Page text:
What’s the solution? There is no easy answer for that question.  When the market was not so tight and the mortgage process was less stringent, sellers could count on having time to look for a new place to live after they had accepted a contingent or non-contingent offer. These days that time pad is pretty much gone and contingent offers are more prevalent. One “solution” is for sellers not to accept contingent offers; however, in certain price bands the market is slow enough that any offer must be seriously considered.

Most of the time these convoluted sales work and all of the sales close; however, it only takes one glitch somewhere in the chain of sale to mess the whole thing up. The chain works best of the buyer furthest down the chain is an investor or a totally unencumbered buyer, like a first time buyer just out of college or moving from an apartment. In today’s market it is a lot harder to say no to an offer in certain price bands, even if it is contingent. When a property has been sitting on the market for a long time almost any offer looks good to the seller. The real estate agents involved will try to evaluate risk in the whole chain of sales before making recommendation to their clients and will often caution against accepting an offer, no matter how good the price seems to be.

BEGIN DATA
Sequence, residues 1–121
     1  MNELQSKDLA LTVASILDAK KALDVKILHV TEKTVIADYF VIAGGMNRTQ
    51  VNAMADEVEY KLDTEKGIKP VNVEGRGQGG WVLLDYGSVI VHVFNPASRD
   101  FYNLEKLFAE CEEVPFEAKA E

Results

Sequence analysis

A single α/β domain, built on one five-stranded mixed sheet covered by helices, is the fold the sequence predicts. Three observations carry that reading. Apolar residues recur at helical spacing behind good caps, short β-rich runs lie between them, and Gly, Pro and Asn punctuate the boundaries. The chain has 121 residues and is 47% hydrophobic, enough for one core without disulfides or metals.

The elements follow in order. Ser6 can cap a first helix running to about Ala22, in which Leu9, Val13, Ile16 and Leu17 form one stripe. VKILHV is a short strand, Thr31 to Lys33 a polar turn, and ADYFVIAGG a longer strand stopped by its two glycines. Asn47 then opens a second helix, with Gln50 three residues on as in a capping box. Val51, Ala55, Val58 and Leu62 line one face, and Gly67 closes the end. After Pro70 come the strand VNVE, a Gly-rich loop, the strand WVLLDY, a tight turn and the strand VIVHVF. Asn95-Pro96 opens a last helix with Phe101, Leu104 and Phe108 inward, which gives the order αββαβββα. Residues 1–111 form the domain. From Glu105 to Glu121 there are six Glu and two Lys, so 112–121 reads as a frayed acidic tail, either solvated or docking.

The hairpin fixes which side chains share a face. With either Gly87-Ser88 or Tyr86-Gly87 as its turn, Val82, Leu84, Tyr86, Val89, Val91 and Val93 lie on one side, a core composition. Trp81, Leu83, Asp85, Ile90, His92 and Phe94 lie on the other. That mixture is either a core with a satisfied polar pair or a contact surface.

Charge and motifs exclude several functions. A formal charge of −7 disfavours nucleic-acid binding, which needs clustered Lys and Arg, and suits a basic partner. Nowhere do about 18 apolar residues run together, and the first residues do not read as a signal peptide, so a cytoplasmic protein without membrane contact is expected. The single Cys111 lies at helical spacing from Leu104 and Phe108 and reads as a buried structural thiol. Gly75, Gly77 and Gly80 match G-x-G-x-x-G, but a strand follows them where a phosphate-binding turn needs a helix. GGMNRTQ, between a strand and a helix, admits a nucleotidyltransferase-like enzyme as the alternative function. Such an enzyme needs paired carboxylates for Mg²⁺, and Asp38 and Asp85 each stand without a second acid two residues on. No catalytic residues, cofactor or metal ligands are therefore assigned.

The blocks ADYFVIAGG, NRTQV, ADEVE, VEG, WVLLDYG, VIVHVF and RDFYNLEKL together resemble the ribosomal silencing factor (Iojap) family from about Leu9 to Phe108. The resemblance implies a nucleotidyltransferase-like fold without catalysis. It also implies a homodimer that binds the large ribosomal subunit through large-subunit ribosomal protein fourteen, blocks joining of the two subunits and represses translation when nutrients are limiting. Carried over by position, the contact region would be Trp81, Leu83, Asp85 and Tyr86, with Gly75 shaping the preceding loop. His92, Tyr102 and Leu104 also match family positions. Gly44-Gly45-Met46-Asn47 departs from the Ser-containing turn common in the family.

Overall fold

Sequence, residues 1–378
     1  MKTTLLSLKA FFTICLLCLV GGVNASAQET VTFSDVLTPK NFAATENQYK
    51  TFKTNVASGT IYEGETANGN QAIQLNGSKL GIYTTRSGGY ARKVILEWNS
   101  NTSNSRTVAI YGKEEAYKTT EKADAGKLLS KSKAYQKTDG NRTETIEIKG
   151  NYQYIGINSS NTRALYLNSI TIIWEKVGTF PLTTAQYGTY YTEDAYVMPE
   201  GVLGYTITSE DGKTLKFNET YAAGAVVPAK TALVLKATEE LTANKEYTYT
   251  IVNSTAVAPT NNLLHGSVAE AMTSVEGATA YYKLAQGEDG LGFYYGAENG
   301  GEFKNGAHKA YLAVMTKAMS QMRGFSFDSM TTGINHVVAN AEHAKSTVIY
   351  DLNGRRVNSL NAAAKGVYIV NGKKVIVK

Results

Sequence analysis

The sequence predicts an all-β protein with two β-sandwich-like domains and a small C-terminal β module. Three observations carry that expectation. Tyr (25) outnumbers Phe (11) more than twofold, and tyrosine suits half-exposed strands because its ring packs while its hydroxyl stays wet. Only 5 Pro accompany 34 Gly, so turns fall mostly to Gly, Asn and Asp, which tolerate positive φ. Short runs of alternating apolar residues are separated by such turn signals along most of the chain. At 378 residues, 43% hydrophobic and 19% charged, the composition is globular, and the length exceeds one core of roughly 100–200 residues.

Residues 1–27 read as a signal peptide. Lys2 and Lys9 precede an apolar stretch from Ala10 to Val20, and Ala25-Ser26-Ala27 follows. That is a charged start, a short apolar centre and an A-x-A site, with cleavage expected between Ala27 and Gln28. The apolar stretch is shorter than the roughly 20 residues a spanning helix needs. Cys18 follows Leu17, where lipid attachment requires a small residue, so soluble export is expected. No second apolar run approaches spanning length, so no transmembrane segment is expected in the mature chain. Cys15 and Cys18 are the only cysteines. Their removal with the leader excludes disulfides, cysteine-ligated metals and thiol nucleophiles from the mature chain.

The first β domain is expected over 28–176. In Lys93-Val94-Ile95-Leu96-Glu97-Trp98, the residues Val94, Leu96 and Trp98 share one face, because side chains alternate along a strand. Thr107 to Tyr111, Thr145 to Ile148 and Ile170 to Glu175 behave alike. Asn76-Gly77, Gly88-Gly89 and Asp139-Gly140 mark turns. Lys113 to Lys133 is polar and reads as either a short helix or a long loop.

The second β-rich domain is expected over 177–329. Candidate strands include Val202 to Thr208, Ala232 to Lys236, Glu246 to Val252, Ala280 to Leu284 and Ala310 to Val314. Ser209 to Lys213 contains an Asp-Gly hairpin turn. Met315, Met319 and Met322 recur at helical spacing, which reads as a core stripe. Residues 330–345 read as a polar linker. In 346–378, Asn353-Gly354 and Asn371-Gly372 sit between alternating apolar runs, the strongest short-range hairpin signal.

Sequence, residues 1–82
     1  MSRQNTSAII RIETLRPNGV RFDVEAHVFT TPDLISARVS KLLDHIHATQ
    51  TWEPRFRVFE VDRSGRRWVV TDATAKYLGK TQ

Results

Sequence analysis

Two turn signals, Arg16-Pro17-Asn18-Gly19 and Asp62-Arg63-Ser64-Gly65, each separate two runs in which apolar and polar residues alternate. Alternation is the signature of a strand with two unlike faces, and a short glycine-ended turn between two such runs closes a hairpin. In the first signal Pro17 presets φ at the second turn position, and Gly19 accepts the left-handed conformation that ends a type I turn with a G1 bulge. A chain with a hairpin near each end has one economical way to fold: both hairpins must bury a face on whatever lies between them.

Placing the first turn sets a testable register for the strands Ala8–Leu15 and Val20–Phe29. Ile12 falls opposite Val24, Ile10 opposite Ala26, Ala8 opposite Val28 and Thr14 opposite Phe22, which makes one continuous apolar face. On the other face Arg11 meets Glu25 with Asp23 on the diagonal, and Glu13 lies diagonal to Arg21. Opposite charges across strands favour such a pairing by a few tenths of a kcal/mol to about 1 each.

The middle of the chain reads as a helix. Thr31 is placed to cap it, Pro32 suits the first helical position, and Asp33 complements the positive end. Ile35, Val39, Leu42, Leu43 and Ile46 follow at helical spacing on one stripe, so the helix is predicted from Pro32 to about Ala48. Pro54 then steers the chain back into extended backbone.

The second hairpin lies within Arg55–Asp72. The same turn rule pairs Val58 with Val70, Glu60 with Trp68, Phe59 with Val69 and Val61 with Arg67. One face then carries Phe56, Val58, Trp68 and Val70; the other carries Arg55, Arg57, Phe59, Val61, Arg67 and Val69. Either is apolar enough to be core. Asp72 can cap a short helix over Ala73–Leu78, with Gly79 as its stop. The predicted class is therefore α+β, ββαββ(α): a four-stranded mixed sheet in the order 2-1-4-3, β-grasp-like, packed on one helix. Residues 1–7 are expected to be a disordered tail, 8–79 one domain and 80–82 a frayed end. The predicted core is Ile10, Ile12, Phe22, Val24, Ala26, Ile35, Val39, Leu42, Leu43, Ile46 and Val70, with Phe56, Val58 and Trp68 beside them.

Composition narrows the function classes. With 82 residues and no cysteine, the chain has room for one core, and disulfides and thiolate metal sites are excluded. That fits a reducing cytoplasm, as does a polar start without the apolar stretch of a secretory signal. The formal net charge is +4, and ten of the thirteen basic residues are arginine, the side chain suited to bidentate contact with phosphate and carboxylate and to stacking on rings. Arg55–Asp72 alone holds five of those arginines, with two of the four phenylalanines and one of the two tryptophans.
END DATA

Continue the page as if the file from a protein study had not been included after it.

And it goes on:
What should you do as a seller? I certainly advise that you have a plan for a variety of potential scenarios.  Have a plan for what you would do if the place sells quickly and the offer requires a quick close and immediate occupancy. Do you have a place to go and a place to store your stuff? Have a plan for contingent offers. Will you accept a contingent offer and what will you do to plan for your one move? Do you need post-closing occupancy or can you be out at closing? Are you flexible on the timing of the close and willing to pull it in or stretch it out a bit to accommodate the buyer, if needed?
 How will that change in timing impact your plans?

Selling a home doesn’t have to be a stressful process, but it does take planning and some thought about the various alternative scenarios that can occur. Stacked sales are a new reality of the marketplace, so they need to be dealt with and not just avoided. You should have good answers in mind before accepting any offer to these questions -
Where am I planning to go from here?
  • How much time do I need to be able to move out? Do I need post-closing occupancy? How much?
  • How will I get my stuff moved out of my current house and into storage or to another house and what does that cost? DO I rent a truck and the move myself or hire it done?
  • What would it cost for temporary living or temporary storage of my belongings?
  • What happens if any of the contingencies is not met? Have I made sure that I did not backed myself into a corner on a new place?

Sit and discuss those “what if” scenarios with your Realtor before they pop up and demand a quick decision.

Wednesday, July 6, 2016

Don’t let the bad guys get your money…

There are always crooks and other bad guys out there trying to figure out how to rip people
and companies off and they don’t even need a gun. In our age of connectivity via electronic devices and the internet, a growing number of them are figuring out how to steal your money electronically.